(Original language: Cantonese)
LEUNG MEE-PING: I think it was eight years ago.
When I was planning to move house I was worried that I couldn’t find another place to store this much stuff . So, I looked for a warehouse. I never thought I’d use the warehouse as a studio. I don’t necessarily need a studio for the work I do. I’m an artist who works with materials. I use various materials to create.
Back when I was making works with sickness bags I’d collect them wherever I went. There aren’t many here. Sickness bags interest me a lot. No matter where you go, even if you’ve got nobody with you you’ll always find a sickness bag at your side
What large items do I have? There’s this dragon and phoenix pair. It probably dates back to the 1960s. It has a distinct pattern and wood grain
INTERVIEWER: Could you share the checklist of things you’d collect while travelling?
LEUNG MEE-PING: I would buy crystal balls and sickness bags. I’d pick the bobbles off people’s jumpers, but that’s a bit difficult to do in Thailand because people don’t wear jumpers there. Recently I’ve taken an interest in eyelashes. False lashes. The ones that wave up and down. I don’t know why I thought of that.
What’s interesting about working with different materials is that you aren’t purely creating something new. It might be mass-produced, but its broken state of existence shows traces of a series of processes. It’s different from other ready-made objects fresh from the factory. It’s precisely in this difference, when contrasted against a context of extreme similarity, that we can see the relationship within.
LEUNG MEE-PING: 10,000 [shoes]. If there are 180 in each box there will be fifty boxes, right? It should be around fifty boxes. A lot of my works are arranged by quantity. This is to emphasise the relationship between quantity and quality.
As soon as the quantity is high, meaning will emerge. One object alone speaks only to whatever I associate it with it. But when many objects come together the mere reality of their existence opens up more room for you to insert your thoughts.
Here are two boxes. Two boxes of teabags. They weren’t specially infused [for art-making], they’re just the ones I used to drink tea at home. The longer [the teabags] were sundried—the teabags were wet when I piled them together—the darker the colour would become. As dark as black coffee. Once a teabag is consumed the joy’s over. All thoughts are gone/ You don't feel the pain. But as you hold it in your hand, you’re no longer simply searching for its symbolic meaning because symbols can be made up.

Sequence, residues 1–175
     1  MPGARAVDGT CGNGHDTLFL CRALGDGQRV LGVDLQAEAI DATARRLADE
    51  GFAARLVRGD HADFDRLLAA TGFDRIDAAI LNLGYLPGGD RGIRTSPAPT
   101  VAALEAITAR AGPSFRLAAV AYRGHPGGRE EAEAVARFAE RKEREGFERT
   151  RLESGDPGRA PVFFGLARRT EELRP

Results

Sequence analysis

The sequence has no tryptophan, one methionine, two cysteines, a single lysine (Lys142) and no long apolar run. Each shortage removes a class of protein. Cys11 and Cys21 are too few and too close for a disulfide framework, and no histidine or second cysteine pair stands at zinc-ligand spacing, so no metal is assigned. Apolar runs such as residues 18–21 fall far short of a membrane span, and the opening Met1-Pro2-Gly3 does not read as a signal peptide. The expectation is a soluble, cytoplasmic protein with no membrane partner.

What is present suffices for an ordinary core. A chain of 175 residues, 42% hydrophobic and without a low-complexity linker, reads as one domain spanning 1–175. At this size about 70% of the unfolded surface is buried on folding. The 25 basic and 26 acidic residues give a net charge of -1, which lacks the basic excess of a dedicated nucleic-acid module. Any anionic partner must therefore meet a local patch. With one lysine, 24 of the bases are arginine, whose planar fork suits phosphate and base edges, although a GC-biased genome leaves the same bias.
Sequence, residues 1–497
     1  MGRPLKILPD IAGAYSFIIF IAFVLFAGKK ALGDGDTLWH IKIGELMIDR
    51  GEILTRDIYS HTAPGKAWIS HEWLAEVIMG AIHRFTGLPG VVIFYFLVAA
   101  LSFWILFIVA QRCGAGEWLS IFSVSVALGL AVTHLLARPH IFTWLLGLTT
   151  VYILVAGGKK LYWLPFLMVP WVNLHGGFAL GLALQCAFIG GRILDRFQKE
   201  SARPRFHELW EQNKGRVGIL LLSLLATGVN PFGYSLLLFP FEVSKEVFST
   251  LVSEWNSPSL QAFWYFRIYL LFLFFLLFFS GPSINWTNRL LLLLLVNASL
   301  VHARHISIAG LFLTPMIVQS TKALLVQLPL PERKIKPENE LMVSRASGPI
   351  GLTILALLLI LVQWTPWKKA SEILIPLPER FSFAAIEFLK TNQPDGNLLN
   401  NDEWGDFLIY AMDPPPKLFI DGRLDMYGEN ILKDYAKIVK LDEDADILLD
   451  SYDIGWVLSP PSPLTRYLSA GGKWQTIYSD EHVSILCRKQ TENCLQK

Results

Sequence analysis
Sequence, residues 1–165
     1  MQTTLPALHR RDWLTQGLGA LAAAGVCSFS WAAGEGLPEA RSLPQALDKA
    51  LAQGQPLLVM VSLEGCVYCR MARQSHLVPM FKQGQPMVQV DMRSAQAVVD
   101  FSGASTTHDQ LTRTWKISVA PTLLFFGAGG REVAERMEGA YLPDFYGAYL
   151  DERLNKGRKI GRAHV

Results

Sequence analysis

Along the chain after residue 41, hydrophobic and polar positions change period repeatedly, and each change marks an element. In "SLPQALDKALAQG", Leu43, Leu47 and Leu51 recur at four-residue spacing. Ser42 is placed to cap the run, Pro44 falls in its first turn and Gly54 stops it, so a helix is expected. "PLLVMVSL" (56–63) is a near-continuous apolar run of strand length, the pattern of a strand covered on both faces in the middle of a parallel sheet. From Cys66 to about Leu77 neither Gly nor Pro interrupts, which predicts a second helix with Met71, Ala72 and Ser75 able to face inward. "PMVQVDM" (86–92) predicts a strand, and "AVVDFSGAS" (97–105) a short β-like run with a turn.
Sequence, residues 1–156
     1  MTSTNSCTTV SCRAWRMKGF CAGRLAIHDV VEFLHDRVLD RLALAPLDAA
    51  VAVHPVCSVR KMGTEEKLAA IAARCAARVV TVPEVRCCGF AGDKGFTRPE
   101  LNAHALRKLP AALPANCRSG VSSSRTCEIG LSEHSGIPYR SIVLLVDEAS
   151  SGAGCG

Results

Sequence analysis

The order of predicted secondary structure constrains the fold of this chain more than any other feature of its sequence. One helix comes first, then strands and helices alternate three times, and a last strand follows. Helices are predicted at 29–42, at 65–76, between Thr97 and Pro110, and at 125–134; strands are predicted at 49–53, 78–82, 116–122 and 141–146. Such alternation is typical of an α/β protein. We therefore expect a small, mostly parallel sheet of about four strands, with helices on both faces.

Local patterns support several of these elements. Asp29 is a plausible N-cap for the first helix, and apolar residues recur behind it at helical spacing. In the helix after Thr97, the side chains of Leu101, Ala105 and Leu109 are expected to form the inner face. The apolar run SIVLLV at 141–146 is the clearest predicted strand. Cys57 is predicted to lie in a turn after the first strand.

Why would you stare at them for so long? Why would watch teabags decompose under the sun? Their colours are constantly changing. What is it about them that could draw you in so deeply?
Here are some other boxes that store my ‘hair shoes’. It’s clearly written here: 180 shoes made with black hair. I would label these boxes.
This is a patch of grey hair. It’s totally clean.
I found that dyed hair and golden hair are rich in layers. Strands of hair can be thick or thin. At that time, I was completely obsessed with hair. There was a point when I could feel the hairs while I was working. As I was weaving the hairs in my hands I know it sounds cliché but tears just came out. I really cried, all of a sudden, it felt like I was touching the people themselves. I was touching their heads, their hair. The notion of touching strangers, the feeling that I was connected with countless beings at once. I can only describe as very real
LEUNG MEE-PING: You’ve brought all the toys, right?
LEUNG’S ASSISTANT: Yep, there they are.
LEUNG MEE-PING: All of these are donations. We didn’t buy them Even if I was in a large chain store, I wouldn’t have any idea how to choose so many. How do we join them together? A magnet is inserted inside each toy. I’ll teach you how to cut open a hole.
To me, keeping animals in these gardens is actually a process of domestication. It’s a domestication of culture. These [stuffed animals] are economic ‘animals’, they're goods. As economic goods, they are certainly obedient. You have to pull hard to separate the magnets. But afterwards, if you place them near each other they will automatically come back together again. It’s a process of resistance.